Use Pivot Points and Balance with Long Ladders
The longer the ladder, the harder it is to control. Here's how to handle the longest ladders alone.
Anchor the feet of extension ladders against the base of the building and 'walk' the ladder up to raise it. The solid wall keeps the feet from kicking out as the ladder's raised. To lower ladders, move the feet back against the building and reverse the process. Extend the ladder while holding it vertical, and roll the top of the ladder to walk it sideways.
How to Snap a Chalk Line By Yourself
Everyone knows how to pound in a nail to hold the end of a chalk line when they're alone, but what do you do on a basement floor? You use a brick to anchor it down, that's what. That's simple, but here's another trick that's a little tougher to master. When you have less-than- 4-ft. snaps and you don't want to fool with or damage the surface with a nail, learn how to snap lines by holding the handle on the chalk box with the line extended past the mark. Hold the line tight and tip the box down so you can pluck the line with your thumb and index finger.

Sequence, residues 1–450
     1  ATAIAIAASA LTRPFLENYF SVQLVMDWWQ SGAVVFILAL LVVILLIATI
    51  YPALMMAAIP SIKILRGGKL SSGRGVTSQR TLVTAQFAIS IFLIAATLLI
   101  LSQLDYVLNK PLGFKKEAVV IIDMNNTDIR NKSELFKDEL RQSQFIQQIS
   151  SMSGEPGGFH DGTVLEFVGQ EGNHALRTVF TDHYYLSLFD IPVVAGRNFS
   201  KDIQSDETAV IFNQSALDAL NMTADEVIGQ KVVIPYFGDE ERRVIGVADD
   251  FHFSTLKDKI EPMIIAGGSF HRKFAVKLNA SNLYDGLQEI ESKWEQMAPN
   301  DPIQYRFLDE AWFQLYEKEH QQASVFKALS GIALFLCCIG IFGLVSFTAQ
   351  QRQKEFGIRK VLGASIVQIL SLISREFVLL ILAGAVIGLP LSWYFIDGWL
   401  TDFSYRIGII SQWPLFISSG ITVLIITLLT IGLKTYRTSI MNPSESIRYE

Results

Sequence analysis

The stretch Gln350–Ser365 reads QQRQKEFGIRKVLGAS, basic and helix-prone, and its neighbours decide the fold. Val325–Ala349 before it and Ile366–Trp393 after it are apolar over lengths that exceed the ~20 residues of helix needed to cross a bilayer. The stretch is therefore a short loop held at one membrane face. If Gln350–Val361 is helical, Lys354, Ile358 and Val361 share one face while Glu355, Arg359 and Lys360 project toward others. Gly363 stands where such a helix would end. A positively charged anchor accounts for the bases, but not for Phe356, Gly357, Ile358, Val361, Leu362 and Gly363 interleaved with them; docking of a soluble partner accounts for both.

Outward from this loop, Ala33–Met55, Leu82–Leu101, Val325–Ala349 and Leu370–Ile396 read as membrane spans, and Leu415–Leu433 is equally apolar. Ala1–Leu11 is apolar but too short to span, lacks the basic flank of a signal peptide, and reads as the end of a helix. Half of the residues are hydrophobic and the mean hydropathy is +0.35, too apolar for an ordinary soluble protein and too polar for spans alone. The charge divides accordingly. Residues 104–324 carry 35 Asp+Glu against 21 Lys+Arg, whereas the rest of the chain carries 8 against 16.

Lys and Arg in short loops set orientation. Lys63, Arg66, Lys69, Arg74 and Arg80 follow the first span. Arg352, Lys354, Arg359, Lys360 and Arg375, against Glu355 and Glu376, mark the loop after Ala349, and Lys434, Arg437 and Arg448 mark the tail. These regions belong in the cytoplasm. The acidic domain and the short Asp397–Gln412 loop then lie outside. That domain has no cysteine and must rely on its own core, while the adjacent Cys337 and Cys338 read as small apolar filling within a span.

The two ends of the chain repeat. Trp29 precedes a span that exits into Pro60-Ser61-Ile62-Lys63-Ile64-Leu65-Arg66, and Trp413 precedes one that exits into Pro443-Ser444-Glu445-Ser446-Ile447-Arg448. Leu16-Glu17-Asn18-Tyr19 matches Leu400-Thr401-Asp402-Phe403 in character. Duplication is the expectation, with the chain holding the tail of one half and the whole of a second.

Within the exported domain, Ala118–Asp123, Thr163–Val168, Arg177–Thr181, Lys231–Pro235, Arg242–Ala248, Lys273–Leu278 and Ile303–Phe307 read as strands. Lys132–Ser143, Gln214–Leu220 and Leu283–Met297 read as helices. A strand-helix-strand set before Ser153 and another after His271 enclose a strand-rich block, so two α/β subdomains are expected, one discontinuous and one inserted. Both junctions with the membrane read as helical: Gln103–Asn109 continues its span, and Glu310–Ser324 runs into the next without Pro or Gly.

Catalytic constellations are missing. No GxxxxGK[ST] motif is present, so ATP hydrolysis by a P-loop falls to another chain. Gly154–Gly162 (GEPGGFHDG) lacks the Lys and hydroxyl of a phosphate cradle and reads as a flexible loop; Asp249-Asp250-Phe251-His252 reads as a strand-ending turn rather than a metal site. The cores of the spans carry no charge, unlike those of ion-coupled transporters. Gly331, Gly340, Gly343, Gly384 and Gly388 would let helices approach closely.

Use Balance and Grip to Haul Heavy Plywood
Lift sheet goods by placing one hand under the sheet, slightly in front of center, and your other hand at the top, slightly behind the center. Hoist it so that the middle of the sheet rests on the ball of your shoulder. Your shoulder and back handle the bulk of the weight while your hands only need to balance it. Bonus: You'll be able to see where you're going, thread through doorways and even navigate up and down stairs.
Use Sturdy Scaffolding
Working alone on ladders can be inefficient and dangerous, especially because you'll be tempted to overextend your reach and carry too many tools, paint cans, shingles or lumber when no one is on hand to pass you things. Nothing speeds up high, solo work like the spacious elevated work platform scaffolding provides. You'll be able to keep materials and tools at arm's length and safely reach a wide area without constantly moving ladders.
The scaffolding doesn't have to be anything fancy. When you have a job less than 10 ft. from the ground, set a couple of solid, crack-free, 2x12 boards (avoid large knots) over a pair of sturdy sawhorses for a platform you can move around on. Just make sure your setup is on even ground to keep the horses from collapsing, and avoid 'walking the plank' by remembering that there are no safety rails. Keep plank ends close to sawhorses or they'll flip up when you step on the ends, like they do in slapstick movies (only it won't be nearly as funny in real life).